Former prime minister Boris Johnson pulled out of the contest to become Britain's next leader on Sunday, saying he had the support of enough lawmakers to progress to the next stage but far fewer than front-runner former finance minister Rishi Sunak.
"There is a very good chance that I would be successful in the election with Conservative Party members - and that I could indeed be back in Downing Street on Friday," Johnson said in a statement.
"But in the course of the last days I have sadly come to the conclusion that this would simply not be the right thing to do. You can't govern effectively unless you have a united party in parliament."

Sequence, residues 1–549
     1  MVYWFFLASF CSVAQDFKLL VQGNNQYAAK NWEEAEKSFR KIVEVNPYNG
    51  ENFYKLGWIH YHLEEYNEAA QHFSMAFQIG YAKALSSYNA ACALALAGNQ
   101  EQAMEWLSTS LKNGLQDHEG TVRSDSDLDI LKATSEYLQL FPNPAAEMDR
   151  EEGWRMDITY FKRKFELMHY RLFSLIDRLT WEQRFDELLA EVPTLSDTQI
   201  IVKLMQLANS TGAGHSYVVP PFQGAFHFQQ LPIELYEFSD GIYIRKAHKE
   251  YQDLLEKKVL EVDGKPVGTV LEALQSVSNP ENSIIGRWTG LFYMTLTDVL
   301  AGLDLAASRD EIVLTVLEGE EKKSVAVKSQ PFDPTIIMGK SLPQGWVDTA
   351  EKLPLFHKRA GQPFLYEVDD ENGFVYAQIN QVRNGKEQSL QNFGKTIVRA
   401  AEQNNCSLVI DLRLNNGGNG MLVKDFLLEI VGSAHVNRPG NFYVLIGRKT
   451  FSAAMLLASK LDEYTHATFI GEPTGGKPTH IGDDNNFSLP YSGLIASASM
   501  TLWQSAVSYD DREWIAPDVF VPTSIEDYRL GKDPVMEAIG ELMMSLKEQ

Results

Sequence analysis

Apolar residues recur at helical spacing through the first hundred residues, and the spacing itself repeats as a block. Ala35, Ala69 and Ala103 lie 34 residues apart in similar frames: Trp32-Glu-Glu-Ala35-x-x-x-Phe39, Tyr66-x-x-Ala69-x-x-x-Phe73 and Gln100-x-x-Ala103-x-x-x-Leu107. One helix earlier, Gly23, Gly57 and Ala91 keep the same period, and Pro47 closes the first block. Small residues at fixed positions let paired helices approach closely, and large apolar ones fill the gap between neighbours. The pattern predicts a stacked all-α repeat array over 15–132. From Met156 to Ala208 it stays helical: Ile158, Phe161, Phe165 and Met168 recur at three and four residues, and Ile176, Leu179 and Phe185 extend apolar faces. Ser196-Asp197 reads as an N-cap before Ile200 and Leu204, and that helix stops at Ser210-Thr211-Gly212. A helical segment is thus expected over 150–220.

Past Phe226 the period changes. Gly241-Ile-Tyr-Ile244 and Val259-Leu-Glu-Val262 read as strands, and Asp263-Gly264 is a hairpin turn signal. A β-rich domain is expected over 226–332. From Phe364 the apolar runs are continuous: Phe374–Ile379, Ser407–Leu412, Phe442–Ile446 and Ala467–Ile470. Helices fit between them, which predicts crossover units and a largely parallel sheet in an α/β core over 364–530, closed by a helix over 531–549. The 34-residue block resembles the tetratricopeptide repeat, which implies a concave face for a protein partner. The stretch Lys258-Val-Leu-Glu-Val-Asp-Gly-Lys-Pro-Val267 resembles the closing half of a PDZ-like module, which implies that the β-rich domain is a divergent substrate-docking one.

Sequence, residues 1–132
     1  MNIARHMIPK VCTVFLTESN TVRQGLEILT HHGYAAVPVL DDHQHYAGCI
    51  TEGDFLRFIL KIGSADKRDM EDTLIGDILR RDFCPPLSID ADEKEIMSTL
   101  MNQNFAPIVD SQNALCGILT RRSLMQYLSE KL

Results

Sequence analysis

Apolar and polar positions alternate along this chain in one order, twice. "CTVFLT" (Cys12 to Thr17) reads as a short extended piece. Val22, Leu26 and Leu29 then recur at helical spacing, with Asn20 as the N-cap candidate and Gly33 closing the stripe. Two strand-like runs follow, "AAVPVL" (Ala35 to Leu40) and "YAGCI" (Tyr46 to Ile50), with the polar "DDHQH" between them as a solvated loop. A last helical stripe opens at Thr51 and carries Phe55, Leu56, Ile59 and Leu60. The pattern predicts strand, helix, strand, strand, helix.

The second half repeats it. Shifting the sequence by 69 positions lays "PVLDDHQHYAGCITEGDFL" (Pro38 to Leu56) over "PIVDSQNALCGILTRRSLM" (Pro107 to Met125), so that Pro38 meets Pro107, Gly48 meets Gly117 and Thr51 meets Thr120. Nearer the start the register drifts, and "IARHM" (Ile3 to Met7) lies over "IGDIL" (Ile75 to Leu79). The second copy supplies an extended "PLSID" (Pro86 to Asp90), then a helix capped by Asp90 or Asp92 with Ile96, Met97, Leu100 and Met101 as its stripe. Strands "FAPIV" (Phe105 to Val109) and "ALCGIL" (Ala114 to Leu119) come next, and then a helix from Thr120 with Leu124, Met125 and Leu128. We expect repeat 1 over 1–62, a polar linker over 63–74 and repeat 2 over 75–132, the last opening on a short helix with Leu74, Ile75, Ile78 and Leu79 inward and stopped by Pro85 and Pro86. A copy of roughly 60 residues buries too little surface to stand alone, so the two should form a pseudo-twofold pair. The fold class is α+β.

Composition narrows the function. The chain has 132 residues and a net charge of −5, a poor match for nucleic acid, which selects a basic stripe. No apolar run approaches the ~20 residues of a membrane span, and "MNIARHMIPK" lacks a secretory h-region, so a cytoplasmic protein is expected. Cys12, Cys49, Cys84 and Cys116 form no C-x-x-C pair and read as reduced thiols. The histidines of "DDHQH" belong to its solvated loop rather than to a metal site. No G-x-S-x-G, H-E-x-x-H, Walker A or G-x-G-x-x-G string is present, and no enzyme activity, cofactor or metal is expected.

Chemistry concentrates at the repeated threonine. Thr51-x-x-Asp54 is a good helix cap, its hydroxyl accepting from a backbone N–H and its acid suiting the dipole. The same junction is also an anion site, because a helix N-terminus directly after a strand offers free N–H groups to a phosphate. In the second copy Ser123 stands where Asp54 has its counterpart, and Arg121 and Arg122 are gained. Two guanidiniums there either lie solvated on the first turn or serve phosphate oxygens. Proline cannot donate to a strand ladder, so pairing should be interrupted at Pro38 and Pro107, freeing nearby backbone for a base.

Johnson, who never formally announced his bid to return to Downing Street, has spent the weekend trying to persuade Conservative lawmakers to back him and said on Sunday that he had the support of 102 of them.
He needed the backing of 100 by Monday to proceed to the next stage, which would have seen him going head-to-head against Sunak in a vote by the Conservative Party's 170,000 members.
Sunak, whose resignation as finance minister in July helped precipitate Johnson's fall, had cleared the threshold of 100 lawmakers needed to progress to the next stage, securing 142 declared supporters on Sunday, according to Sky News.
He will be named leader of the Conservative Party and become prime minister on Monday unless candidate Penny Mordaunt reaches the threshold of 100 backers to force a run-off vote by party members. She had 24 declared supporters on Sunday.